AMES, Iowa – In 2016-17, when Iowa State head coach Steve Prohm needed to settle down his team he would look to Monté Morris. Or Nazareth Mitrou-Long. Or Matt Thomas. Or Deonte Burton.
The 2017-18 season will have a different feel to it for Prohm. Gone are 330 games of experience from the aforementioned players. He’ll instead look towards a court that features just 109 games of experience returning. TOTAL.
Among the players he’ll look to as leaders are senior Donovan Jackson and redshirt junior Nick Weiler-Babb, who recently attended the Athletes In Action Basketball Captains Academy in Xenia, Ohio.
The AIA Captains Academy’s purpose is to help college basketball programs grow their student-athlete leaders.
For Jackson and Weiler-Babb it was a life-changing experience.
Among the activities that the duo participated in were team-building exercises that built trust and taught the student-athletes about opening up to others. They also heard from speakers, which included author Tim Kight and college basketball analyst Clark Kellogg.
For Weiler-Babb, among the number of things that he took away was a message from Kight.
“He told us about a formula, E+R=0, which is the event plus your response equals the outcome,” Weiler-Babb said. “You just have to realize that no matter what event was thrown at you, it is your response to that situation that determines the outcome. That is something that can be used in so many different areas of your life, including on the court.”
Jackson reflected on day two of the four-day leadership camp.
“We were doing a high ropes course where you had a partner and the main key was developing a trust in your partner that he will encourage you and be there for you,” Jackson said. “I’m the senior on this team, I’m the head guy right now and the one I want them to look to for leadership. I’m trying to lead these guys and I want everybody to trust me and I’m going to trust in them.”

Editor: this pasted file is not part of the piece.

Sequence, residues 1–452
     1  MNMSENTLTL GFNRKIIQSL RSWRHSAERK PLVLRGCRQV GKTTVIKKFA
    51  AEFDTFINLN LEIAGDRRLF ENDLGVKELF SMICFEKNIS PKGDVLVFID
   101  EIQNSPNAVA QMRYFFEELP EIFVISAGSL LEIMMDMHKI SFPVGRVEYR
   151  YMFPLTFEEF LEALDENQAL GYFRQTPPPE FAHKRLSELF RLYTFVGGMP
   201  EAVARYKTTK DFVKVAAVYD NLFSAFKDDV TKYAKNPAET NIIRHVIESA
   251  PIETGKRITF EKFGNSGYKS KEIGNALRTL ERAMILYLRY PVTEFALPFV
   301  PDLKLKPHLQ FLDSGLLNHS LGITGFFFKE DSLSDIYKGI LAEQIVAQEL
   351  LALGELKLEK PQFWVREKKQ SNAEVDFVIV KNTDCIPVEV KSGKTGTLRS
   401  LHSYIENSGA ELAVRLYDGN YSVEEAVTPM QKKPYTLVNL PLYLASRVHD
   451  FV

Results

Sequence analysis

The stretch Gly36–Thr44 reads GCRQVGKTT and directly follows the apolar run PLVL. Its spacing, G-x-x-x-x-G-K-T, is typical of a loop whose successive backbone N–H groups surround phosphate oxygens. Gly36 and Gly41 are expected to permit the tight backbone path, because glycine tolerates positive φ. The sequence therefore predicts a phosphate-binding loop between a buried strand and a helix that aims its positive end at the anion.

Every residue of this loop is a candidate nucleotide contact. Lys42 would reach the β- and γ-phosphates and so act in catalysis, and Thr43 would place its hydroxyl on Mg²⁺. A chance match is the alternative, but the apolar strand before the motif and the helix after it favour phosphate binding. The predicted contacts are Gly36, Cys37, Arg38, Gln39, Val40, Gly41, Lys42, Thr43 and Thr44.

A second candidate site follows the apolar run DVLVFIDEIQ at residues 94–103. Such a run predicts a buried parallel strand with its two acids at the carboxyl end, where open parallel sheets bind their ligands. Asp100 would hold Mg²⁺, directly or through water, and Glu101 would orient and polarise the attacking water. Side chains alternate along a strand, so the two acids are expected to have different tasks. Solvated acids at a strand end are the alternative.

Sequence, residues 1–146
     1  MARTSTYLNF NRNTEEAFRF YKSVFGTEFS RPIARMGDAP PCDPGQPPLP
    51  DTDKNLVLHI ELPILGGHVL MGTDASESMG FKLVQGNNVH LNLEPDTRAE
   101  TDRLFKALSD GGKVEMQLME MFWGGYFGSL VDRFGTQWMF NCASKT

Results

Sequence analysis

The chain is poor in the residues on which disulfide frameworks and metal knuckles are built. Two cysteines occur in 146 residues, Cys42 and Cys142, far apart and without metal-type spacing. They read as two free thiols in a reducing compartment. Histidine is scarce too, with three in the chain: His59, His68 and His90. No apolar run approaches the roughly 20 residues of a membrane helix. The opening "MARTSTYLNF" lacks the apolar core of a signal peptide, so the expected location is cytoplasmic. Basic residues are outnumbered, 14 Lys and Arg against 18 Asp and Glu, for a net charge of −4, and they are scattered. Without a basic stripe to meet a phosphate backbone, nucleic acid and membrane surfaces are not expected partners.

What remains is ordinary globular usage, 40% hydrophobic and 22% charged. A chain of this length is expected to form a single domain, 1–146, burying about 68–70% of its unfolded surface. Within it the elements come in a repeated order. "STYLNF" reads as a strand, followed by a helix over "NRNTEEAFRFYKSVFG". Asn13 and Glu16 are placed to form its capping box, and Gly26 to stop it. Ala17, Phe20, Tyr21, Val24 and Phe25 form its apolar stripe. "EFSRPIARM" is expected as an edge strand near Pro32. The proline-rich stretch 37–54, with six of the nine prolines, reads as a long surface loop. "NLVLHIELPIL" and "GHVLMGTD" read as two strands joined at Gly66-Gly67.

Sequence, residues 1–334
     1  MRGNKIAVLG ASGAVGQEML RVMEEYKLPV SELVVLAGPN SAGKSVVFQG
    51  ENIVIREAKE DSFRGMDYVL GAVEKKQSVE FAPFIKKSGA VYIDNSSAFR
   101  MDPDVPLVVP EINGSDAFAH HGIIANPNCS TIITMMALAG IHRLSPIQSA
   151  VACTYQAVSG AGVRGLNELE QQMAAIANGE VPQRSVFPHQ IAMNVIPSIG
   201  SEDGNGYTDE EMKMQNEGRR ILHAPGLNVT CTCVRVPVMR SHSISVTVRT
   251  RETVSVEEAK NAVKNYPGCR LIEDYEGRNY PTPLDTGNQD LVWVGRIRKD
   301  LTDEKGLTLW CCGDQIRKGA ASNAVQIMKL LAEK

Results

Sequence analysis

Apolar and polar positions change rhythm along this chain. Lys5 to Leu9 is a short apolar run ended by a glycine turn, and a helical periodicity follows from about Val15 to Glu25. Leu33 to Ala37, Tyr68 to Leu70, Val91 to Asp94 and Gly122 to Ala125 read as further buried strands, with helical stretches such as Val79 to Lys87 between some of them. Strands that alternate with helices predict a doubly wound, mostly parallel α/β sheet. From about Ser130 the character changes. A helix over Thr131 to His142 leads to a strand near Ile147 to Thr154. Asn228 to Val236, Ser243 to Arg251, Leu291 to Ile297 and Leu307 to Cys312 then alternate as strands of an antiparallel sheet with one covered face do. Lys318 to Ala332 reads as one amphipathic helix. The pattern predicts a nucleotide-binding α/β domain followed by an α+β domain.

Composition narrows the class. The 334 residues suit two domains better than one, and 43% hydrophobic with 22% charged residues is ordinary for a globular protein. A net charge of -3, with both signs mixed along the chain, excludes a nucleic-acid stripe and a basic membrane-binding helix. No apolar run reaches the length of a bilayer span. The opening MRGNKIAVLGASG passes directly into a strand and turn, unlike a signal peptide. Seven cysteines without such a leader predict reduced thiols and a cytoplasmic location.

Jackson knows that trust can be gained if he leads by example.
“You have to have the work ethic, you have to be relentless in a lot of areas,” the Milwaukee, Wisconsin native said. “You want your guys to look up to you. If you are slacking off, they aren’t going to see you as a leader.”
Weiler-Babb also spoke of building trust with a team that includes just four returning players from last year’s NCAA Tournament and Big 12 Championship team.
“Donovan and I have talked about how we can use what we learned to help this year’s team,” said Weiler-Babb, a native of Arlington, Texas. “Maybe it is getting the guys together and opening up, letting everyone know your life story so that everything is on the table. With so many new guys, you maybe don’t really know everything about your teammates that you should at this point. If that is the case, how do you really trust them or how do they trust you? We need to build that trust if we want to achieve our goals.”
The current edition of Cyclone basketball will certainly need new leadership on the court this season, and Jackson and Weiler-Babb feel more ready than ever to steer the ship after attending the academy.
“It was a blessing that Nick and I were allowed to attend this camp,” Jackson said. “I learned a lot of important things that I can apply to not only basketball, but to my everyday life.”
Weiler-Babb echoed his thoughts, even if there was a time he was hesitant about attending.
“I’ve got to admit that I didn’t really want to go to the event at first,” Weiler-Babb said. “We arrived there and we threw ourselves into it and wanted to get the most out of it that we could. You start to realize how you can take this and use it for your team and in your life. I’m grateful to the administration for allowing us to do this. It was one of the best experiences of my life. We know that if we want to have a good season, Donovan and I need to take some of the things we learned and put them into play to build this team together.”